AbstractThis thesis is concerned with the investigation, by nuclear magnetic resonance spectroscopy, of the molecular interactions occurring in mixtures of benzene and cyclohexane to which either chloroform or deutero-chloroform has been added. The effect of the added polar molecule on the liquid structure has been studied using spin-lattice relaxation time, 1H chemical shift, and nuclear Overhauser effect measurements. The main purpose of the work has been to validate a model
for molecular interaction involving local ordering of benzene around chloroform.
A chemical method for removing dissolved oxygen from samples has been developed to encompass a number of types of sample, including quantitative mixtures, and its supremacy over conventional deoxygenation technique is shown.
A set of spectrometer conditions, the use of which produces the minimal variation in peak height in the steady state, is presented.
To separate the general diluting effects of deutero-chloroform from its effects due to the production of local order a series of mixtures involving carbon tetrachloride, instead of deutero-chloroform, have been used as non-interacting references. The effect of molecular interaction is shown to be explainable using a solvation model, whilst an approach involving 1:1 complex formation is shown not to account for the observations. It is calculated that each solvation shell, based on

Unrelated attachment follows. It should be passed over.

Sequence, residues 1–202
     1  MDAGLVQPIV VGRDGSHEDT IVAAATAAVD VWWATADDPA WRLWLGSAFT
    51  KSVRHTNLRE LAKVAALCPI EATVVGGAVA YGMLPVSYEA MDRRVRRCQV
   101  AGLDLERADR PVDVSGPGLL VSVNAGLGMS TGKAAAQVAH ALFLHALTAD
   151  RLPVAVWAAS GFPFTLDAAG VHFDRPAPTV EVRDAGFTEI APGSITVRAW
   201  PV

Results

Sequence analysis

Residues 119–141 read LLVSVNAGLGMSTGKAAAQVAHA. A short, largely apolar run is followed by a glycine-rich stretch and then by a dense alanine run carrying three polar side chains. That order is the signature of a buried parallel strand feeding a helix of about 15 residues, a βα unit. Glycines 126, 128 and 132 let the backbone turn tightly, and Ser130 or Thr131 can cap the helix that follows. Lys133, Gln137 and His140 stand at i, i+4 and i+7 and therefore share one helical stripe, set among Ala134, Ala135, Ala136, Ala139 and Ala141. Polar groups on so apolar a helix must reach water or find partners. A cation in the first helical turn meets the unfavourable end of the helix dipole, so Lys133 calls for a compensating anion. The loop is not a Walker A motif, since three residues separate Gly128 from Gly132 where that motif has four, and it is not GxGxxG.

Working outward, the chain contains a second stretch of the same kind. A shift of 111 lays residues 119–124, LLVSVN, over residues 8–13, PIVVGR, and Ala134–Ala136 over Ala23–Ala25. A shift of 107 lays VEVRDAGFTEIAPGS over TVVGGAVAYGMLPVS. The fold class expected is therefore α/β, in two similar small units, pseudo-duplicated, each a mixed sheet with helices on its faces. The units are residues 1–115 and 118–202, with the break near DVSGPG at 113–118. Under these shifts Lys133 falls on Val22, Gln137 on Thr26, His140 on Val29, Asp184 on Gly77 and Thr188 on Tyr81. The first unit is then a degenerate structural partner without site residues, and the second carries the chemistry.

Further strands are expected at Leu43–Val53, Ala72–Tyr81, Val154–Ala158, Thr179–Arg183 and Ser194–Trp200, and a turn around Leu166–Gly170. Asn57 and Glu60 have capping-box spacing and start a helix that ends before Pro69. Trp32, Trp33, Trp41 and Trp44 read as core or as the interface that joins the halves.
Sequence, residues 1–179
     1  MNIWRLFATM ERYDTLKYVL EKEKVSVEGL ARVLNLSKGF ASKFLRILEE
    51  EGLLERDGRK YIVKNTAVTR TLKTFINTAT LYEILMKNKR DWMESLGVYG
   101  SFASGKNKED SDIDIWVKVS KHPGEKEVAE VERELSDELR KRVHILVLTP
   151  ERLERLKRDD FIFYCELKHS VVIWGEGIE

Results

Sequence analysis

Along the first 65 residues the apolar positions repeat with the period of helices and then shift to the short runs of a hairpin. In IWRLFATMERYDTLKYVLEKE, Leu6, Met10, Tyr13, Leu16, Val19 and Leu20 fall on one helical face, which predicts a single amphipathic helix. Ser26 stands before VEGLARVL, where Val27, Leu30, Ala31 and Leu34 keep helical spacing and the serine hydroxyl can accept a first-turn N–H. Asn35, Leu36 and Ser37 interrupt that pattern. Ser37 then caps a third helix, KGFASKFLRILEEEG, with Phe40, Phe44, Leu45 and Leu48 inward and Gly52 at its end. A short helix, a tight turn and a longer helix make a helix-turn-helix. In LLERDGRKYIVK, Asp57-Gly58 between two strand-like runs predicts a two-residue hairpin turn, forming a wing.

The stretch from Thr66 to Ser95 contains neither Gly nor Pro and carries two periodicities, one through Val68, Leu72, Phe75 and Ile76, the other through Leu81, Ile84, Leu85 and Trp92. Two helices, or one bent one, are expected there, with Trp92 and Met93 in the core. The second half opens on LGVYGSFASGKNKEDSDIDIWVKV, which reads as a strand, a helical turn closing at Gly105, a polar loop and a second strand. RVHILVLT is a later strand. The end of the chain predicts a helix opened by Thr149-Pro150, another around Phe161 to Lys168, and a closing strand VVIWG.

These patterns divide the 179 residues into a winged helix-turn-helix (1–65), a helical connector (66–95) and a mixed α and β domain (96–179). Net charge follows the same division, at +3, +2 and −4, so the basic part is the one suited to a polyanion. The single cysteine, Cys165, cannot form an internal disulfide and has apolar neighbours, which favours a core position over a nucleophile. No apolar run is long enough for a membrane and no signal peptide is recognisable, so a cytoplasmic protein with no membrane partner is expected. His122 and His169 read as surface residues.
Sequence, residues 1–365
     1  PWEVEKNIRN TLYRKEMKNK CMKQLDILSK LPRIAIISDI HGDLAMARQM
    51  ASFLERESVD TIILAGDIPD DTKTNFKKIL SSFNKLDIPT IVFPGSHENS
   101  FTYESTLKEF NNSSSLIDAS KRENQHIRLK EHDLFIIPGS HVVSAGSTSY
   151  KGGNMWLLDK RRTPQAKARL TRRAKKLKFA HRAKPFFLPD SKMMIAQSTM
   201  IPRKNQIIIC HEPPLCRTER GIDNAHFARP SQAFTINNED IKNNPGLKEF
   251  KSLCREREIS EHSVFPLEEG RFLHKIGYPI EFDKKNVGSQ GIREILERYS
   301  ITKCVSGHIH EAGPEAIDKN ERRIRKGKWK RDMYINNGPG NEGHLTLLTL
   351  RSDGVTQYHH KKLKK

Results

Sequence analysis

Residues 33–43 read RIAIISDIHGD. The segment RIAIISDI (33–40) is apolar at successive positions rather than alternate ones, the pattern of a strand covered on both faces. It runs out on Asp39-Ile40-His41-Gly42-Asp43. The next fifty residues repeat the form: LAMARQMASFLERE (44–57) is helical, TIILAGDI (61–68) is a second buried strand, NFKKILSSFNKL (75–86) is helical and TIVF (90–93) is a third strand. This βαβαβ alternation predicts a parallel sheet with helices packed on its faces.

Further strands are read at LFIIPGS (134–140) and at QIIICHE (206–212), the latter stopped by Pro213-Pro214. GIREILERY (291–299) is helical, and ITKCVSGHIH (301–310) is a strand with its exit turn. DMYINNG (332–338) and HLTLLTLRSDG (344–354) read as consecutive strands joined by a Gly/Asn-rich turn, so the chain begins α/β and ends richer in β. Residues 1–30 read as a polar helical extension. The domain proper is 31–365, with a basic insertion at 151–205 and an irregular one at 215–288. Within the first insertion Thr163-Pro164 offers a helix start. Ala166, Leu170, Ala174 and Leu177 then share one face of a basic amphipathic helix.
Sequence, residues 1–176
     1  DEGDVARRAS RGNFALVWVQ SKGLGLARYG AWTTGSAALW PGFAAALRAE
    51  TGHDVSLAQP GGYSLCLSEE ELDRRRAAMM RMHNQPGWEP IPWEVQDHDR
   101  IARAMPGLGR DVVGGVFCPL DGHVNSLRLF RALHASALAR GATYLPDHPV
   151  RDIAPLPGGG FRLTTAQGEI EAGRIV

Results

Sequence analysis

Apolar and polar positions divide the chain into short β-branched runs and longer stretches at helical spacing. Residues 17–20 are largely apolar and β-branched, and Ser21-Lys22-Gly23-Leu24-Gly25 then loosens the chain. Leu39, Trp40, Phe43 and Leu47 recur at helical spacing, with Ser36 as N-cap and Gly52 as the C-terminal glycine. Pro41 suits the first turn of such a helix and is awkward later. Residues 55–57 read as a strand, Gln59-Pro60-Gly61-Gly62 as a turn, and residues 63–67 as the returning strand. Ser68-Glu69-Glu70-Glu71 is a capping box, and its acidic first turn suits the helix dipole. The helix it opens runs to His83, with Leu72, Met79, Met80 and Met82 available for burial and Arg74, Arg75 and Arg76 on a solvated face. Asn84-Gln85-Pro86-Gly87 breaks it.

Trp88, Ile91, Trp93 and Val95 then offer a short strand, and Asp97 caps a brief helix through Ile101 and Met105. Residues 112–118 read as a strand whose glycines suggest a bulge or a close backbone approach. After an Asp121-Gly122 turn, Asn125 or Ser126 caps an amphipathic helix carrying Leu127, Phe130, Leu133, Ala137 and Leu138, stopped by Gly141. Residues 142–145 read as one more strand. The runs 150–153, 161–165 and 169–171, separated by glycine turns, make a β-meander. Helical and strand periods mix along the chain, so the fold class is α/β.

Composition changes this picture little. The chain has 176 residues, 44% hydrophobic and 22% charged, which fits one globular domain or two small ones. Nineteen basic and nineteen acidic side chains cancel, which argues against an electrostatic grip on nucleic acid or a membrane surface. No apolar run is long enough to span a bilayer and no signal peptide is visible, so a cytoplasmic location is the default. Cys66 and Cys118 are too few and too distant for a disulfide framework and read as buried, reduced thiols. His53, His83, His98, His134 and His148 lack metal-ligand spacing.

deutero-chloroform, contains about twelve molecules of benzene or cyclohexane.
The equations produced to account for the T1 variations have been adapted to account for the 1H chemical shift variations in the same system. The shift measurements are shown to substantiate the solvent cage model with a cage capacity of twelve molecules around each chloroform molecule.
Nuclear Overhauser effect data have been analysed quantitatively in a manner consistent with the solvation model. The results show that discrete shells only exist when the mole fraction of deutero-chloroform is below about 0.08.
|Date of Award||Sep 1978|
- nuclear magnetic resonance
- relaxation times
- chemical shifts
- nuclear Overhauser effect